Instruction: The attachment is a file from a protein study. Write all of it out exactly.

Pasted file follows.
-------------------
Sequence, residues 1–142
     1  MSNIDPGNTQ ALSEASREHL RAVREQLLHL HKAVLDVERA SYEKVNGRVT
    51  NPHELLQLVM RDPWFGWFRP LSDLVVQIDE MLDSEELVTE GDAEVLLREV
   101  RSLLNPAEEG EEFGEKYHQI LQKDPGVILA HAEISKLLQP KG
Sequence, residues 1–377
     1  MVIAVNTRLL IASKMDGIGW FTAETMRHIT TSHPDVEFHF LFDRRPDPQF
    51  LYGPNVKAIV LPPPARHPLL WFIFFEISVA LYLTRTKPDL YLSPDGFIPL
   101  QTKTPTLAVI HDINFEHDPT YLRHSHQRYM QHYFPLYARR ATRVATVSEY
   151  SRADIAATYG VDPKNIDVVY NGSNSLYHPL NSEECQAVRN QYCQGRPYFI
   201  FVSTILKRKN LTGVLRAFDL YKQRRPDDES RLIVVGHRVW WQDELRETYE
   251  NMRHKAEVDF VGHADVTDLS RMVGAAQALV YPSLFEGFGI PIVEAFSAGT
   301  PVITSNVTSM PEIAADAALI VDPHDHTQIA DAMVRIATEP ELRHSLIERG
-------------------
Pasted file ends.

Sequence, residues 1–142
     1  MSNIDPGNTQ ALSEASREHL RAVREQLLHL HKAVLDVERA SYEKVNGRVT
    51  NPHELLQLVM RDPWFGWFRP LSDLVVQIDE MLDSEELVTE GDAEVLLREV
   101  RSLLNPAEEG EEFGEKYHQI LQKDPGVILA HAEISKLLQP KG
Sequence, residues 1–377
     1  MVIAVNTRLL IASKMDGIGW FTAETMRHIT TSHPDVEFHF LFDRRPDPQF
    51  LYGPNVKAIV LPPPARHPLL WFIFFEISVA LYLTRTKPDL YLSPDGFIPL
   101  QTKTPTLAVI HDINFEHDPT YLRHSHQRYM QHYFPLYARR ATRVATVSEY
   151  SRADIAATYG VDPKNIDVVY NGSNSLYHPL NSEECQAVRN QYCQGRPYFI
   201  FVSTILKRKN LTGVLRAFDL YKQRRPDDES RLIVVGHRVW WQDELRETYE
   251  NMRHKAEVDF VGHADVTDLS RMVGAAQALV YPSLFEGFGI PIVEAFSAGT
   301  PVITSNVTSM PEIAADAALI VDPHDHTQIA DAMVRIATEP ELRHSLIERG